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XYLENE POWER LTD.

SPHEROMAK SHAPE PARAMETER

By Charles Rhodes, P.Eng., Ph.D.

INTRODUCTION:
The spheromak shape parameter:
So^2 = (Rs / Rc)
where:
Rs = outside radius
and
Rc = inside radius
is one of the most important spheromak characterization parameters. Experimental data shows that for plasma spheromaks:
So^2 ~ 4.2

Precise theoretical analysis elsewhere on this web site indicates that for quantum charged particles:
So^2 ~ 3.99596

On the web page titled: PLANCK CONSTANT AND FINE STRUCTURE CONSTANT it is stated that So ~ 2.0. The material on this web page supports that assertion.

The total static field energy contained in an electromagnetic spheromak can be expressed as:
Ett = [(Muo C^2 Qs^2) / 32] [1 / Ro] [4 So (So^2 - So + 1) / (So^2 + 1)^2]
where:
[1 / Ro]
= [(Pi Fh / C So)[Np^2 (So^2 + 1)^2 + Nt^2 (So^2 - 1)^2]^0.5

Hence:
Ett = [(Muo C^2 Qs^2) / 32] [4 So (So^2 - So + 1) / (So^2 + 1)^2]
[(Pi Fh / C So)[Np^2 (So^2 + 1)^2 + Nt^2 (So^2 - 1)^2]^0.5
 
= [(Muo C Qs^2 Pi Fh) / 8] [(So^2 - So + 1) / (So^2 + 1)^2]
[Np^2 (So^2 + 1)^2 + Nt^2 (So^2 - 1)^2]^0.5
 
= [(Muo C Qs^2 Pi Fh) / 8] [(So^2 - So + 1) / (So^2 + 1)^2]
[Np^2 + [Nt^2 (So^2 - 1)^2 / (So^2 + 1)^2]^0.5 (So^2 + 1)
 

Define:
Nr = Np / Nt
and
R = (So^2 - 1) / (So^2 + 1)

Then:
Ett = [(Muo C Qs^2 Pi Fh) / 8] [(So^2 - So + 1) / (So^2 + 1)]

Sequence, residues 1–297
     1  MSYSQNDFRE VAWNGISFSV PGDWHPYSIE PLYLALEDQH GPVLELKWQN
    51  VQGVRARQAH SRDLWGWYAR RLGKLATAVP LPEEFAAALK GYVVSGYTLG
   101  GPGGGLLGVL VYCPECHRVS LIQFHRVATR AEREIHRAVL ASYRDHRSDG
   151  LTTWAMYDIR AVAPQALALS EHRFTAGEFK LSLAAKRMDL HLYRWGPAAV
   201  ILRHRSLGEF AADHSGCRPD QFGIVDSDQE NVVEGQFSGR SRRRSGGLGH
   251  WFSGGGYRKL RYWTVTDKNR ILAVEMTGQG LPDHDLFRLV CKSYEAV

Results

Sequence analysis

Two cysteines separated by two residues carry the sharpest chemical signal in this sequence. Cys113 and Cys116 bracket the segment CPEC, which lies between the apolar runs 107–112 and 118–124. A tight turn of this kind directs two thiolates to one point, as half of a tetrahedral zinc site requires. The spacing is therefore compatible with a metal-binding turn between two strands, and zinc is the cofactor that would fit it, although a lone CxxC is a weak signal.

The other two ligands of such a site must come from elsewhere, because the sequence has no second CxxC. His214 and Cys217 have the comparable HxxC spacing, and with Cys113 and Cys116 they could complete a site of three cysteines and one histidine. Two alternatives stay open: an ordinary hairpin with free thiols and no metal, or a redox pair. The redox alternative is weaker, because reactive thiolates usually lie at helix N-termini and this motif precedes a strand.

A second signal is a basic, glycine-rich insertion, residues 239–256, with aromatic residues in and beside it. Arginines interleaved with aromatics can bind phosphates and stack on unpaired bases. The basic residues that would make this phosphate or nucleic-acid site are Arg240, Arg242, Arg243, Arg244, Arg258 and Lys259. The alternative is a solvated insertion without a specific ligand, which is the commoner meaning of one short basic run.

[Np^2 + Nt^2 R^2]^0.5

When a spheromak is at its stable state:
Np^2 (So^2 + 1)^2 ~ Nt^2 (So^2 - 1)^2

Hence:
Nr = (Np / Nt)
~ (So^2 - 1) / (So^2 + 1)

Hence:
Nr^2 ~ [(So^2 - 1) / (So^2 + 1)]^2
= R^2

The spheromak static field energy is given by:

Ett= [(Muo C Qs^2 Pi Fh) / 8] [(So^2 - So + 1) / (So^2 + 1)]
Nt [Nr^2 + R^2]^0.5
 
= [(Muo C Qs^2 Pi Fh Nt) / 8] [(So^2 - So + 1) / (So^2 + 1)][Nr^2 + R^2]^0.5

However, the web page titled ELECTROMAGNETIC SPHEROMAK shows that the spheromak boundary condition is:
[Nr^2 + R^2] = {1 / [(Pi / 2)^2 - (F / R)^2]}
where F indicates the electric field ratio at the spheromak wall at R = Rc, H = 0.

Generally 0.5 < F < 1.0. Note that F = 1.0 for a metal sphere and 0.5 for a flat plate.

Hence:
Ett = [(Muo C Qs^2 Pi Fh Nt) / 8] [(So^2 - So + 1) / (So^2 + 1)]
{1 / [(Pi / 2)^2 - (F / R)^2]^0.5}

In order for the Planck Constant h and Fine Structure Constant Alpha to be really constant the product:
[(So^2 - So + 1) / (So^2 + 1)]{1 / [(Pi / 2)^2 - (F / R)^2]^0.5}
must be constant at the spheromak operating point.

At So = 2.0 the equation for Ett simplifies to:
Ett = [(Muo C Qs^2 Pi Fh Nt) / 8] [(So^2 - 1) / (So^2 + 1)]
{1 / [(Pi / 2)^2 - (F / R)^2]^0.5}
 
= [(Muo C Qs^2 Fh Nt) / 8] [R]
{Pi^2 / [(Pi / 2)^2 - (F / R)^2]^0.5}
 
= [(Muo C Qs^2 Fh Nt) / 4]
{(Pi R / 2)^2 / [(Pi / 2)^2 - (F / R)^2]}^0.5
 

Make substitution:
Muo C Qs^2 = 2 h Alpha
to get:
Ett = [(2 h Alpha Fh Nt) / 4]
{(Pi R / 2)^2 / [(Pi / 2)^2 - (F / R)^2]}^0.5
 

or since:
Ett = h Fh
(1 / Alpha) = [ Nt / 2] {(Pi R / 2)^2 / [(Pi / 2)^2 - (F / R)^2]}^0.5

Note that Nt must be a positive integer. Comparison with experimental data shows that this equation is consistent with:
Nt = 274
and
{(Pi R / 2)^2 / [(Pi / 2)^2 - (F / R)^2]}^0.5 = 1
or
{(Pi R / 2)^2 / [(Pi / 2)^2 - (F / R)^2]} = 1

Rearranging this equation gives:
(Pi R / 2)^2 = [(Pi / 2)^2 - (F / R)^2]
or
(F / R)^2 = [(Pi / 2)^2 - (Pi R / 2)^2]
or
F^2 = R^2 [(Pi / 2)^2 - (Pi R / 2)^2]
= (R Pi / 2)^2 [ 1 - R^2]

Hence: